Michael Carnuccio | October 24, 2014

Free Market Friday: An honest education

Michael Carnuccio

Funded by George Soros and other left-wing heavy hitters, the Center on Budget and Policy Priorities is an organization with an agenda that includes carbon taxes, death taxes, Obamacare, food stamps and increasing the minimum wage – the standard liberal fare.

The CBPP also favors increased government spending on our monopoly school system, issuing a new report claiming Oklahoma leads the nation in cuts to education.

The problem is, the report is highly misleading. Therefore, it’s disappointing that Oklahoma’s so-called mainstream media haven’t given it a closer look.

Conveniently, the report compares only directly appropriated state funding for K-12 education between fiscal year 2008 (prior to the Great Recession) and FY 2015. This analysis is flawed, in that it fails to recognize all streams of state, local, and federal funding for K-12 education.

For example, it excludes the record amounts of dedicated state funding for teachers’ retirement.

Policymakers have significantly increased contributions to the Oklahoma Teachers Retirement System – from $128.9 million in FY 2003 to $300.5 million in FY 2013. That’s an increase of $171.6 million, or 133.17 percent.

Only in government would one argue that money for teacher retirement benefits doesn’t count as funding for education.

The report authors also assume that FY 2009 levels were established through a rational analysis of needs for education. In reality, pre-recession levels for both common education and higher education were set based on the insistence of Oklahoma Senate budget negotiators that for every dollar of the Brad Henry-Todd Hiett tax cuts there must be a dollar increase in education spending.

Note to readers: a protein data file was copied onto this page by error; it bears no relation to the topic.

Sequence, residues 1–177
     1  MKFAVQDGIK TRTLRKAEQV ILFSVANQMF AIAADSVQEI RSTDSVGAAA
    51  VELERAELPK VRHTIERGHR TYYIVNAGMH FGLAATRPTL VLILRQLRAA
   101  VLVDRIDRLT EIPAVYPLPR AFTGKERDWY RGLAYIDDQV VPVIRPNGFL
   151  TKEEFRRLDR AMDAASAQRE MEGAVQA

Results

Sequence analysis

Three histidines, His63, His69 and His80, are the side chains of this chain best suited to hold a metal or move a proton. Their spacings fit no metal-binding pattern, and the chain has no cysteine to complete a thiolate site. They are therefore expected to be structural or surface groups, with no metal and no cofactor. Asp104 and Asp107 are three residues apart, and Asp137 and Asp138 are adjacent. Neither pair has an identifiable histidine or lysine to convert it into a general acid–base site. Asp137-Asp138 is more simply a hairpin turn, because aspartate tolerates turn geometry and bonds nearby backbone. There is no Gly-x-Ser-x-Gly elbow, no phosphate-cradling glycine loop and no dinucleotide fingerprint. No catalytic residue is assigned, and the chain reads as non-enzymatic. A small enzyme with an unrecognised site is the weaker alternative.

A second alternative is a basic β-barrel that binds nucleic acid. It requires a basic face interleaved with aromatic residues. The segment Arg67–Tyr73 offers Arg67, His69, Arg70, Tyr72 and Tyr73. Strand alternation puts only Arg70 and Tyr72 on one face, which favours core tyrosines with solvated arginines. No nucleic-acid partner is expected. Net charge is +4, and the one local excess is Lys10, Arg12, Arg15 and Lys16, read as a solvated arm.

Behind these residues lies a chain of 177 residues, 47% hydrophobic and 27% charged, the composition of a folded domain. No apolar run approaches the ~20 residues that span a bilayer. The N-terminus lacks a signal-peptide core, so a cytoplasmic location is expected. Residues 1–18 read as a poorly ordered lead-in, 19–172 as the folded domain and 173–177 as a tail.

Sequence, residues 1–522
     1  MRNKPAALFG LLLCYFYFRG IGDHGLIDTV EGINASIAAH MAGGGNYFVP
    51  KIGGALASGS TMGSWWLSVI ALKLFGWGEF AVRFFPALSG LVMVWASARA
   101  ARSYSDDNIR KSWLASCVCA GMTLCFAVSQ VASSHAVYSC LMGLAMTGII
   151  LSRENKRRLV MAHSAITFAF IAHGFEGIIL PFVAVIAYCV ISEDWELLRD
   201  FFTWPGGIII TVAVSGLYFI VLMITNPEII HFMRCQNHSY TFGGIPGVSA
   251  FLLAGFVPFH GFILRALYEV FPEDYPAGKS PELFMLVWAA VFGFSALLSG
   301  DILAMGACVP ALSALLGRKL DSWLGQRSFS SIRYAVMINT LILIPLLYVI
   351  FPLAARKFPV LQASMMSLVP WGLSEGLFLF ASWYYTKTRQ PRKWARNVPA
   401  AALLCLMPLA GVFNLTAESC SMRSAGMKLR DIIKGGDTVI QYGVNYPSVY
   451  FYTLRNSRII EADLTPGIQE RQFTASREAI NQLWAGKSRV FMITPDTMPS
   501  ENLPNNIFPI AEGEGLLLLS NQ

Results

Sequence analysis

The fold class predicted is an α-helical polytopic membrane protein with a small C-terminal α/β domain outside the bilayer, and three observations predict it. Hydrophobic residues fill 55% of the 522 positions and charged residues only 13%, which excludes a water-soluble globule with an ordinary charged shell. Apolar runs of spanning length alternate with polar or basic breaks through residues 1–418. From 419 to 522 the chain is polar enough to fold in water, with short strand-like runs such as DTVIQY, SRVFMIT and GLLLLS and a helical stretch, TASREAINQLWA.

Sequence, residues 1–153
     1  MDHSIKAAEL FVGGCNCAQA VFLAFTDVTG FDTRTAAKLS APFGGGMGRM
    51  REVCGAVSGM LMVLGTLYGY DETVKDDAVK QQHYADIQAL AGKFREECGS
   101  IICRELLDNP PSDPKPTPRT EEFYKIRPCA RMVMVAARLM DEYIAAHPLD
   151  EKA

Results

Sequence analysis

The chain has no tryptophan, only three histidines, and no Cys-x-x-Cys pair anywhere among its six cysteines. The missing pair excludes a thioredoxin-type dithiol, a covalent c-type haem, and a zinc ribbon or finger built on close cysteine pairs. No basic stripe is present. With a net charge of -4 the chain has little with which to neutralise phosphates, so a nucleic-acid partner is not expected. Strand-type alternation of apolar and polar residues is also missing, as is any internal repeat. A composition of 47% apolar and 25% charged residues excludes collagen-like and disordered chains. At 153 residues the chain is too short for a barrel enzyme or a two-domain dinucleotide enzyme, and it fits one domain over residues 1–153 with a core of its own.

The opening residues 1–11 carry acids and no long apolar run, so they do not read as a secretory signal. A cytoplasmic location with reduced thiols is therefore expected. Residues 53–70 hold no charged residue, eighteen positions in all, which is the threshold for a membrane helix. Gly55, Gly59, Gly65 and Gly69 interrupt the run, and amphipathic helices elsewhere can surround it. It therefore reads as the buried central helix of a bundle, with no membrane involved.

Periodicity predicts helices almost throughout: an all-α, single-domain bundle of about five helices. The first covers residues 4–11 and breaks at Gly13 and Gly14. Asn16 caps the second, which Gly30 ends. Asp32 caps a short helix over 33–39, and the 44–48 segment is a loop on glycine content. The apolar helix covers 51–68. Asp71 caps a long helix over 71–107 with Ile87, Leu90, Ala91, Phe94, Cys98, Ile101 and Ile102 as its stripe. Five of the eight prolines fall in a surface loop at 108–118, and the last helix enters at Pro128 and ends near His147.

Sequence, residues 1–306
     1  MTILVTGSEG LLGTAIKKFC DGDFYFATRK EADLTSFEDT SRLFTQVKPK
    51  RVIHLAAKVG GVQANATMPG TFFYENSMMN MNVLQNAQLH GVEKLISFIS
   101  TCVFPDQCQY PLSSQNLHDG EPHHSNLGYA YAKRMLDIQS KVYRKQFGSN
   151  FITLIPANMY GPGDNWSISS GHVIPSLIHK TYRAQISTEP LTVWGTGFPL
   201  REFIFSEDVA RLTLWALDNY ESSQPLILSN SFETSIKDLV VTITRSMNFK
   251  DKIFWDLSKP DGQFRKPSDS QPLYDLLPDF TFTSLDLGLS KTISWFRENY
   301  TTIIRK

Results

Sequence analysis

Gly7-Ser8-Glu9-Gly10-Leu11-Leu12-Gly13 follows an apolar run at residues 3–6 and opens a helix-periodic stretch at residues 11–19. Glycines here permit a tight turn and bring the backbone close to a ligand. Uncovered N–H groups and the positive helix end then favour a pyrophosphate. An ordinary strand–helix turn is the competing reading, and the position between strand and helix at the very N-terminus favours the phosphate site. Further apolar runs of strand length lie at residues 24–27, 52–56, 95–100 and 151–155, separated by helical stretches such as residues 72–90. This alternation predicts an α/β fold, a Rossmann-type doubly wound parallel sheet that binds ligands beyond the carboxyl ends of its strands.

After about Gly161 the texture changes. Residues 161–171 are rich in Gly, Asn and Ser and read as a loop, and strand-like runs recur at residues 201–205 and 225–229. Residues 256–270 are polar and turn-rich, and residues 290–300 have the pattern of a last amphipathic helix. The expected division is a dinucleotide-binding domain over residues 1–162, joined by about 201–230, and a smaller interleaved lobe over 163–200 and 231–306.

Bottom line: The truth is that Oklahoma’s education system has never had more money. According to the most up-to-date revenue information submitted by all school districts to the Oklahoma State Department of Education, both total and per-pupil funding have reached all-time highs.

Total funding for schools reached a record high of $8.2 billion for FY 2013. Per-pupil funding is $12,206 per pupil, some $400 more (per pupil) than was available in FY 2009. The problem is that not enough is making it to the classroom. Pouring more into an inefficient, high-overhead monopoly system is no solution.

Having a conversation about improving the quality of education in Oklahoma is important, but parents and children deserve that discussion with a side of honesty.

Michael Carnuccio

Former OCPA President

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